Pain in the back, especially the lower back can be a real pain, pun intended. An ad which has been running for a while says “your back must last you a lifetime”, and it usually does, just that it may not be as flexible as in your younger days.

90% of most people would experience back pain one time or the other in their life time. It is probably the second or third most common reason for work absenteeism after malaria and the common cold. It is also one of the common reasons why people visit their doctors or the emergency room and second most common neurological complaint after headaches.


Back pain is not a disease by itself, rather a sign that something is going wrong in relation to the back (problems with muscles, bones or vertebrae, ligaments).


In 85% of people this would resolve by itself with no underlying cause found , and for majority as well within a few weeks most of the symptoms would disappear no matter the treatment that is given or even if it is not treated at all.


So what causes back pain that makes it so common?


Most of it is caused by straining or putting stress on the back such as:

  1. Poor posture – slouching in chairs, driving in stooped positions and standing poorly or sleeping on a sagging mattress. Poor posture and sitting for long periods in one position such as in front of a computer will result in muscle spasm and pain.


  1. Lifting incorrectly – This usually leads to strain or tear of the muscles, tendons or ligaments around the lower spine, resulting in painful muscle tension and spasm or sometimes pushing out of the disc in between the vertebra, which I shall explain further.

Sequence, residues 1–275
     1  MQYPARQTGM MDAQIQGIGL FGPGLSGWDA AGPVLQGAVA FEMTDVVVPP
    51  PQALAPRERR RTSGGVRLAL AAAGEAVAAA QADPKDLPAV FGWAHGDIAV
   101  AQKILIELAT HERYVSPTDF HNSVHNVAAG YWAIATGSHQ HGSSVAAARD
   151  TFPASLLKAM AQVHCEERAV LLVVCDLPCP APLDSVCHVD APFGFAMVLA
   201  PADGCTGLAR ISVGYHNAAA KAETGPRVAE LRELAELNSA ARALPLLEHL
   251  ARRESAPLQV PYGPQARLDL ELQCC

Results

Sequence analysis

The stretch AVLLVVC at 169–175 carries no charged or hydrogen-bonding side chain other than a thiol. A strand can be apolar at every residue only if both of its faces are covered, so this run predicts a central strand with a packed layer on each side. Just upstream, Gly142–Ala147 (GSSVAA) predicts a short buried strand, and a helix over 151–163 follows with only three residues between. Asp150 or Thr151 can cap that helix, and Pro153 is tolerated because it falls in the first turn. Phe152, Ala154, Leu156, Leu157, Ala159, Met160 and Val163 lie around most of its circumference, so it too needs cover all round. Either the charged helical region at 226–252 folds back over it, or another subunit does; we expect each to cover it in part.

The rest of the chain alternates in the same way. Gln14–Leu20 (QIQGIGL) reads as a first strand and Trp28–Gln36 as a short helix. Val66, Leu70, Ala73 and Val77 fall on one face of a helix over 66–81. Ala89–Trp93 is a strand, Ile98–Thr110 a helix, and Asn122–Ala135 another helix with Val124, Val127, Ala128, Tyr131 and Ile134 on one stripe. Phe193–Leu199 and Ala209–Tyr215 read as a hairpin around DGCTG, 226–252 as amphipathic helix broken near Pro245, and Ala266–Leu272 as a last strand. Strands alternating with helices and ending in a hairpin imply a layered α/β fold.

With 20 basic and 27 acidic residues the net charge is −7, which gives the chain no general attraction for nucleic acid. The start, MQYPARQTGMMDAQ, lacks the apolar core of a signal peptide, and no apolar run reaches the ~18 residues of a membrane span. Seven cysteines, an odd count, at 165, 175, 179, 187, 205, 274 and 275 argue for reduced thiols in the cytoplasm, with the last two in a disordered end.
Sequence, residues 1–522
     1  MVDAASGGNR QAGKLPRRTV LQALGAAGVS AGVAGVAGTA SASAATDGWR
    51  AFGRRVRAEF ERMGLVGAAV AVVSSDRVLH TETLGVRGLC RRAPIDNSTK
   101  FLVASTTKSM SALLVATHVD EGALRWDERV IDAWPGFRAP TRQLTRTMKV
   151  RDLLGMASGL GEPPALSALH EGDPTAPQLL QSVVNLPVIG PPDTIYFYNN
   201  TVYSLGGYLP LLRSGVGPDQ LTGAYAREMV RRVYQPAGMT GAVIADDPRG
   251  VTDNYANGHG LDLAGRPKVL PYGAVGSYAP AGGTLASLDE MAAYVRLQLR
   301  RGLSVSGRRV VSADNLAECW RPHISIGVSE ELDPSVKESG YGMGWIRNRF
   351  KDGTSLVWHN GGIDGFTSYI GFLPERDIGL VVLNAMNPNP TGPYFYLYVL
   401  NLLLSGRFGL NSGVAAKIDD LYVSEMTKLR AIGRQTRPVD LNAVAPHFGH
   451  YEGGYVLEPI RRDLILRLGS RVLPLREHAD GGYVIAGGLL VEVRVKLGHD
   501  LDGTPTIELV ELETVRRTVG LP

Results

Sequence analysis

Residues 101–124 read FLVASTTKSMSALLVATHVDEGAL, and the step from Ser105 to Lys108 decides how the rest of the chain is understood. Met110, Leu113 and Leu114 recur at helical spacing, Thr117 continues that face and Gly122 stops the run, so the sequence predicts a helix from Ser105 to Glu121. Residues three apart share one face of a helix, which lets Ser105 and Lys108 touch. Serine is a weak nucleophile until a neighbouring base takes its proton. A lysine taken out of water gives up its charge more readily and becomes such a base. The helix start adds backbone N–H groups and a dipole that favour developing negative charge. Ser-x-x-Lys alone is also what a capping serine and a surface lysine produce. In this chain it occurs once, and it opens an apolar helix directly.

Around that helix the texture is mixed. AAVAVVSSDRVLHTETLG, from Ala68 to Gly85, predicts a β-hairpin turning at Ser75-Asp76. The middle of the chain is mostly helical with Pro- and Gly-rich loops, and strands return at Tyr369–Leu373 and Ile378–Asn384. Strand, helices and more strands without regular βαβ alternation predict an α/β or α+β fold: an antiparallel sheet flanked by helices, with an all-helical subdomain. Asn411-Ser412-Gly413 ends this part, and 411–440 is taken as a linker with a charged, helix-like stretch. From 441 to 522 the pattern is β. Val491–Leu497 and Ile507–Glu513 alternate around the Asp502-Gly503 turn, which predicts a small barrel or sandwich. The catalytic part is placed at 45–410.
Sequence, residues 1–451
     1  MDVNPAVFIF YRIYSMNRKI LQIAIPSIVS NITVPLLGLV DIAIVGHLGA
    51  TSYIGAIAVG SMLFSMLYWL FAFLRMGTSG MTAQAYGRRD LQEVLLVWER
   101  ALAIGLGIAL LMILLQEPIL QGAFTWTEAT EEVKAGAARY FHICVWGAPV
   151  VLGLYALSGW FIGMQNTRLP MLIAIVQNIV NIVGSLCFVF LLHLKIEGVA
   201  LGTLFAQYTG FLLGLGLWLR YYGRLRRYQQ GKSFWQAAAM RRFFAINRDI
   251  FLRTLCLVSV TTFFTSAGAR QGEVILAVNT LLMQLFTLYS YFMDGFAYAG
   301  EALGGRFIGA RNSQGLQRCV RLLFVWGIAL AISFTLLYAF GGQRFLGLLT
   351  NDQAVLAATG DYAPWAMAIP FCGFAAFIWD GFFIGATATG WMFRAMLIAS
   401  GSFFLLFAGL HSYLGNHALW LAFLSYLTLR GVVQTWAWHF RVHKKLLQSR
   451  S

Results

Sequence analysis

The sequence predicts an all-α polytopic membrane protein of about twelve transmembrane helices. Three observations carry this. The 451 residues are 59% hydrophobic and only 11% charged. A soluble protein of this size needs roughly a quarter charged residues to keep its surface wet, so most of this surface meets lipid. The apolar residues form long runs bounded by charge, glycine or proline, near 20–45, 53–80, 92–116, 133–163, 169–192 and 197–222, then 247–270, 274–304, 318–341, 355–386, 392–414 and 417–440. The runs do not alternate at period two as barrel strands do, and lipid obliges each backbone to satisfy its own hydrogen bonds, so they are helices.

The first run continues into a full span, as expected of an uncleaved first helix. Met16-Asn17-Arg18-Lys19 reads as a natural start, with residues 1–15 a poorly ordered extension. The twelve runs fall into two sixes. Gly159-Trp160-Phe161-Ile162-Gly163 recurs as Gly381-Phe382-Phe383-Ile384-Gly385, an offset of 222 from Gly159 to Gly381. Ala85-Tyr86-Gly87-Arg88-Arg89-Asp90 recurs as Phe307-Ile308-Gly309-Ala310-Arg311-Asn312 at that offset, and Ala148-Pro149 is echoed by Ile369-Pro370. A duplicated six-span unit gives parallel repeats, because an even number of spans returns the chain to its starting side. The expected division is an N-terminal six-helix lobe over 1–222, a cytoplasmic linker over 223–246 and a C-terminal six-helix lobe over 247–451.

1. Being unfit and obesity – Inactivity makes the muscles go slack and weak so they are unable to support the back properly. This leaves the back more vulnerable to damage when certain movements put too much strain on one area.


  1. Generally overdoing it – Over tiring muscles and not using a progressively rising work or sports routine. Not warming up or cooling down before and after exercise will also cause muscle pain.


  1. Disc problems – In the spine, between the vertebrae, are small disc shaped cushions made of fibro-cartilage, which protect the vertebra from rubbing directly on each other. Unfortunately the disc tissue as we age losses its natural moisture and hardens.


A sudden injury to the disc can also cause it to herniate or prolapse – where part of the disc suddenly is pushed out and presses on the nerves nearby or even the spinal cord. This is what is called a ‘slipped’ disc. (Rarely, a vertebra can slip forward on another: called spondylolisthesis, which is not a slipping of the disc.)


The existence of a bulging or ruptured disc on an X-ray or scan doesn’t routinely equate to back pain.  People who don’t have back pain may have prolapsed discs for some other reason.



  1. Sciatica – The sciatic nerve which runs from the spinal cord down the bones of the legs can be pressed on by a prolapsed disc or degenerated bones and cause nerve root pain that runs down the buttock to the legs.